A study has found a lower mortality rate (death following an operation) for cancer patients having surgery at facilities designated by the US government as "centers of excellence" than patients who are treated elsewhere. However, the study did not find any difference in survival at five years. The research is the first to provide a comparison of these variables.
The National Cancer Institute (NCI) started awarding regional "center of excellence" designations in 1971 to facilities that demonstrated superiority in research, cancer prevention and clinical services. Many of these hospitals promote the NCI's designation.
According to the study, these centers are well-staffed with specialists and perform a high volume of procedures, factors that are usually associated with better outcomes. The centers may also be on the cutting edge of new therapies.
Researchers at the University of Michigan Medical School in Ann Arbor compared the outcomes of Medicare patients who were undergoing surgery for lung, esophageal, gastric, pancreatic, bladder or colon cancer. All of these procedures are relatively complex and have high surgical mortality rates.
Between 1994 and 1999, 27,021 patients had one of the procedures at 51 NCI cancer centers, while 36,839 people had one of the procedures at 51 control hospitals. The control hospitals were chosen because they performed the greatest number of each procedure.
Surgical mortality rates were lower at the NCI centers of excellence compared with the control hospitals for four of the six procedures-colon (5.4% vs. 6.7%), lung (6.3% vs. 7.9%), gastric (8% vs. 12.2% and esophageal (7.9% vs. 10.9%). These rates were also lower at NCI centers for bladder and pancreatic cancer but not significantly.
Five-year mortality rates, on the other hand, were no different between the two types of institutions for any of the procedures, the study found.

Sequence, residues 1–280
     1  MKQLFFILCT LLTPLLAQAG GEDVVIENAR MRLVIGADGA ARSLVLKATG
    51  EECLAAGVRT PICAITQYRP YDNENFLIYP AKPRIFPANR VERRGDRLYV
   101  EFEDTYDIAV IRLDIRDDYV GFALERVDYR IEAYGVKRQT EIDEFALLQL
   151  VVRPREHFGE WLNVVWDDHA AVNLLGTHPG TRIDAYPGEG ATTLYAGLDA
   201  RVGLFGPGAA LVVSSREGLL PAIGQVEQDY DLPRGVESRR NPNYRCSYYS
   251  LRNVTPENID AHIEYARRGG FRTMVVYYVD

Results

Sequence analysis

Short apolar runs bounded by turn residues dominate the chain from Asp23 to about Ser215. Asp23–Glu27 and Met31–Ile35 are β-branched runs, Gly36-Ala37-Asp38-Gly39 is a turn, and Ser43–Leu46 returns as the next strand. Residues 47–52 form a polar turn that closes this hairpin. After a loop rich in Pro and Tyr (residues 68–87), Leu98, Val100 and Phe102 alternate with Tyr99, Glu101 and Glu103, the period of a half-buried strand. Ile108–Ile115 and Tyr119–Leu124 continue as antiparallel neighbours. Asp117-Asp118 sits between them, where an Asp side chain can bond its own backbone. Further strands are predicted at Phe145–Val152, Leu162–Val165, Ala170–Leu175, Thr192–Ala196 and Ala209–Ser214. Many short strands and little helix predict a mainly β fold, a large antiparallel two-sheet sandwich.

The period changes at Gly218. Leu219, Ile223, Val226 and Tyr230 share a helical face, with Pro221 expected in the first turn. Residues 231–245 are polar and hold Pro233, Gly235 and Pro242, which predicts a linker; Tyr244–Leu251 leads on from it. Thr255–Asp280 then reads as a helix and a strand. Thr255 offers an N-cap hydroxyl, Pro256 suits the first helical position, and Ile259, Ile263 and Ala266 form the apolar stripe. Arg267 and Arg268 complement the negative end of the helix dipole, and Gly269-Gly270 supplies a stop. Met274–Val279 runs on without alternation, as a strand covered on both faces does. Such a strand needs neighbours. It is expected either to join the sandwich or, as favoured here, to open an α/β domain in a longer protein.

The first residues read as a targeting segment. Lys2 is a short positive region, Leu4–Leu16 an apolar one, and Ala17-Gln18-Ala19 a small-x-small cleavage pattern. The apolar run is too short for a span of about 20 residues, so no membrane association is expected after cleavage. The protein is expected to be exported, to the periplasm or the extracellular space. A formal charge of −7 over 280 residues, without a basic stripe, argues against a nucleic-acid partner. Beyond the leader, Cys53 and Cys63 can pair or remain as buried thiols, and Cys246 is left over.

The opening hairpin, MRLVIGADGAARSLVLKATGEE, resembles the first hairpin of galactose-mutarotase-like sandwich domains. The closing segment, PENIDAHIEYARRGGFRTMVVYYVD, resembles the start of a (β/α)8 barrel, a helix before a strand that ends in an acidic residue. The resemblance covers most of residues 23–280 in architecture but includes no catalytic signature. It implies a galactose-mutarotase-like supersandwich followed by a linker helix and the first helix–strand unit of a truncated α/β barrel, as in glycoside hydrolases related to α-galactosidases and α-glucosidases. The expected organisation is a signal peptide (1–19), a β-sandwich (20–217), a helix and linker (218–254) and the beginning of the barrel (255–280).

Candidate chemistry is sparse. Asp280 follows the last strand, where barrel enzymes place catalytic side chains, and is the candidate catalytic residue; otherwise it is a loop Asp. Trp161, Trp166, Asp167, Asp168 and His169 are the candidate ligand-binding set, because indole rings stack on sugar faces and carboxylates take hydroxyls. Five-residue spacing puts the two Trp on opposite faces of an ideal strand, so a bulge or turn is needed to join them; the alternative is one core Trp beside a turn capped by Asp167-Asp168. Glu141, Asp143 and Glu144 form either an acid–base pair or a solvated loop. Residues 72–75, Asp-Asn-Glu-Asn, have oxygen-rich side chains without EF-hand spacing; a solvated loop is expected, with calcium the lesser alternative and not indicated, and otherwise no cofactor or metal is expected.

"'We were very surprised," says lead author of the study, Nancy J.O. Birkmeyer, associate professor of surgery at the University of Michigan Medical School. "Our hypothesis had been that the centers of excellence would do better because they have a greater concentration of specialists, and that this would show up in long-term mortality. But all of the action was in postoperative mortality, indicating that the safety of procedures was better but not really the effectiveness."
"For some reason, the procedures are done more safely, and it probably is related not to hospital volume but to surgeon volume and specialization," Birkmeyer speculates.
The study authors say patients should not be overly concerned with a center's designation. Instead, they should pay attention to other issues, such as hospital volume, surgeon volume and subspecialty training.
The NCI acknowledges that there had been no head-to-head comparisons of cancer centers and high-volume hospitals, but it also points out some limitations of the new study.
"This is a great first look, but there are clearly some problems," states Linda Harlan, an epidemiologist working with the NCI's applied research program.
One problem, she says, is that the study did not factor in the stage of the cancer, which can affect survival rates. More research is needed, Harlan adds.